Published in Book Reviews, Issue 5 (Sep/Oct 2006), Reviews, Volume 14

‘A vague feeling of melancholy . . . tempered by . . . relief’, eh? If the prospect of your kids going back to school elicits the latter rather than the former emotion, then two recent publications from the Liffey Press are what are required. For the kids 2 (222pp, ?14.95 pb, ISBN 1904148859), ‘a family-friendly guide to outings and activities for children in Ireland’, updates and revises the 2003 publication and adds 66 new entries to the c. 300 of the original. While fun-parks, adventure centres, zoos, etc. are included, a large proportion of the entries are history- and heritage-related. Its senior companion, The museums of Ireland: a celebration (246pp, ?19.95 pb, ISBN 1904148883), follows a similar format with entries listed alphabetically on a province-by-province basis, with basic information—opening times, entry fees, etc.—clearly set out. The more numerous entries of the Kids book are further divided on a county-by-county basis. The Museums book is produced to a higher standard, generously illustrated throughout with high-quality colour prints. In keeping with its subtitle, there is little by way of critique beyond the basic (and very useful) information and descriptions given. Readers will have to continue to rely on our own beady ‘Museum Eye’ for that sort of information.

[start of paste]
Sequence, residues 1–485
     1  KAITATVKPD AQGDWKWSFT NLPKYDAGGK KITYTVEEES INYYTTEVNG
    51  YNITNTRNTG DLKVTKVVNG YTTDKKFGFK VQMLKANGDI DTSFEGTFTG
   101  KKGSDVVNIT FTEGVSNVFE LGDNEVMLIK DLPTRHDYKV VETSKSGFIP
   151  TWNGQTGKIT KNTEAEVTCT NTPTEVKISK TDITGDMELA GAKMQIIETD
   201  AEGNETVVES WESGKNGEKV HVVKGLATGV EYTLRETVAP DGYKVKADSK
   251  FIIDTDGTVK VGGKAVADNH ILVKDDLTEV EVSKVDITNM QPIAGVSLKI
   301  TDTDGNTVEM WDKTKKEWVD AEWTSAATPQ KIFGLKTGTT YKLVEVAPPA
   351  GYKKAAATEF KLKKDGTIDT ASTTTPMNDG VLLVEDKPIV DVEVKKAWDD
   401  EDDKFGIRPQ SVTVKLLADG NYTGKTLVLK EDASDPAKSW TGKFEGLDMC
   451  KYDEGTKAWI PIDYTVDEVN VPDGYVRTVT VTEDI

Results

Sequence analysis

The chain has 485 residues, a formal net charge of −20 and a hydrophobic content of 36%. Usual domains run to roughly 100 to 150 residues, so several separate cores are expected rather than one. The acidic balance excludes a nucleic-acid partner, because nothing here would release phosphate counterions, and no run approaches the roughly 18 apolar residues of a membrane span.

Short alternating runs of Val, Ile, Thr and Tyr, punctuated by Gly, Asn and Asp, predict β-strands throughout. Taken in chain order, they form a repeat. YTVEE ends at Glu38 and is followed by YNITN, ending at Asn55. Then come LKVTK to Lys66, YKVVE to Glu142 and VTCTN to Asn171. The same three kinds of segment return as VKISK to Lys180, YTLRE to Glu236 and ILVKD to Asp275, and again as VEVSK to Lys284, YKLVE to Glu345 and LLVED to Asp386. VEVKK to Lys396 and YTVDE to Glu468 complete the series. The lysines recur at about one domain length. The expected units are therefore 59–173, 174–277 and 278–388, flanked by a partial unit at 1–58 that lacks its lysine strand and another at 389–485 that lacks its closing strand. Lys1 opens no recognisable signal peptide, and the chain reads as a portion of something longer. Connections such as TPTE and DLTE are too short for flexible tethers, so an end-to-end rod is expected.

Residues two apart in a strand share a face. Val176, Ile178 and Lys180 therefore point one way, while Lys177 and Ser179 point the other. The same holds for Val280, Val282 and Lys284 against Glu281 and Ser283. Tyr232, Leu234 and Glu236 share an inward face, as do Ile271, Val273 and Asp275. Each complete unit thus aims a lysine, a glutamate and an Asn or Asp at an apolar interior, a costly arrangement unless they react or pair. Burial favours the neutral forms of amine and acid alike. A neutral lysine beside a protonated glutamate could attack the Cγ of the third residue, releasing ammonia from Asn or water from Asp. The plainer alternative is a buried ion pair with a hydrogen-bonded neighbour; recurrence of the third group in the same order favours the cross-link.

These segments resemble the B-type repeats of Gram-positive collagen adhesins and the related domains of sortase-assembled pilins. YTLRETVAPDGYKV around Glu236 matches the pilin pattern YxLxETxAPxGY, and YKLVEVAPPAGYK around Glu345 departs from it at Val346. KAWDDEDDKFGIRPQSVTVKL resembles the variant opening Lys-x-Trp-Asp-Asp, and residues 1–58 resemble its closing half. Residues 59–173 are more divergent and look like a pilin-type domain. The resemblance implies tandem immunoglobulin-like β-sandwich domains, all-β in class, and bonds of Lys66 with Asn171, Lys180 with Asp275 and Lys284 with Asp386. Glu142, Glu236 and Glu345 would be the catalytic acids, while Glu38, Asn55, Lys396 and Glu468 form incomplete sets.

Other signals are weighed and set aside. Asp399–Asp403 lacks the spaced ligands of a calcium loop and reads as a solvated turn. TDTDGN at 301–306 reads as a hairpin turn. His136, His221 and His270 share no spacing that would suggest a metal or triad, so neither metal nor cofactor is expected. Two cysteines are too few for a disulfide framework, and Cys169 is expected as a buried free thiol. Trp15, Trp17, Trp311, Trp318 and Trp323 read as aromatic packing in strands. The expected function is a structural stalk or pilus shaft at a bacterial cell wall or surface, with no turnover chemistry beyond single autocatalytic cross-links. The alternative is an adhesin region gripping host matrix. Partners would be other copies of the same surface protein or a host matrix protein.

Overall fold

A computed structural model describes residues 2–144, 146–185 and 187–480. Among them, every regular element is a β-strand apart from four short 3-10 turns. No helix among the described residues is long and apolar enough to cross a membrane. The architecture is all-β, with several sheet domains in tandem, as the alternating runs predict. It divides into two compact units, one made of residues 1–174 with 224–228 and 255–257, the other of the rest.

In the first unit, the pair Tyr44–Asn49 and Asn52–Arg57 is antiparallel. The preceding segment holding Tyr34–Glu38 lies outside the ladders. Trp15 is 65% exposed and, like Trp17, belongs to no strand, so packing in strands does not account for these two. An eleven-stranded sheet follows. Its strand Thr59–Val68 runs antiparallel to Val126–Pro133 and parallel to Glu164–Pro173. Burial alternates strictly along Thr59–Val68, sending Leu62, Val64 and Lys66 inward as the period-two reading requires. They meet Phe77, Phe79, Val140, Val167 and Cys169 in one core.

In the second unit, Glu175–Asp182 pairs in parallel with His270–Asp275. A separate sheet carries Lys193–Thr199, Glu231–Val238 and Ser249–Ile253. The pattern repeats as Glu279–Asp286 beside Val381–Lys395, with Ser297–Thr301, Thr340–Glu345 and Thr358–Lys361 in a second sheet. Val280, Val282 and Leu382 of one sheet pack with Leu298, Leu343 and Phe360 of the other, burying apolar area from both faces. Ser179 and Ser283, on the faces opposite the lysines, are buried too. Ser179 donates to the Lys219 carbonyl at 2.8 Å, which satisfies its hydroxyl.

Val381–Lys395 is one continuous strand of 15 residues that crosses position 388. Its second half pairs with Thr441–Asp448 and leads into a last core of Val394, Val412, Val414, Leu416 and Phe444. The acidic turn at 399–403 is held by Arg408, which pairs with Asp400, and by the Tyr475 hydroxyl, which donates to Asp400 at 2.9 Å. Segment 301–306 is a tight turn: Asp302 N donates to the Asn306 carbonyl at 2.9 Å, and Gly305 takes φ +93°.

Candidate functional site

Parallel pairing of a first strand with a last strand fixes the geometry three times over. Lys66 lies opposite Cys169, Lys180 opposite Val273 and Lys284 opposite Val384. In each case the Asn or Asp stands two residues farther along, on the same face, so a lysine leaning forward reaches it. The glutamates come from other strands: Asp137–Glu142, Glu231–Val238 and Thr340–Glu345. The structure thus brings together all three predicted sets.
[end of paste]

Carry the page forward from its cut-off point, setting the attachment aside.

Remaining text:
Maurice and Jane O’Hea O’Keefe continue to publish their Irish Life and Lore series with collection V, The Premier County of Tipperary: living voices (160pp, ?20 pb, ISBN 095432740). Like the others, it is accompanied by an audio CD (70.41 mins) containing samples of the 45 featured interviews, with additional background information and colour provided in the text. The text itself is produced to a high standard, with good-quality black-and-white photos. For those interested in hearing more, the interviews (c. 40–55mins) are available from the authors for ?20 per CD or ?800 for the entire 45-CD set. The others in the series are: I, Kerry & Clare, 120 CDs (2002); II, North Cork, West Limerick, Galway & Kerry, 213 CDs (2004); III, Recollections of 1916 and its aftermath, 33 CDs (2005); IV, North Kerry, 54 CDs (2005); and VI, Kerry (Archives in profile), 12 CDs (2005). Enquiries: Ballyroe, Tralee, Co. Kerry, +353 (0)66 7121991,,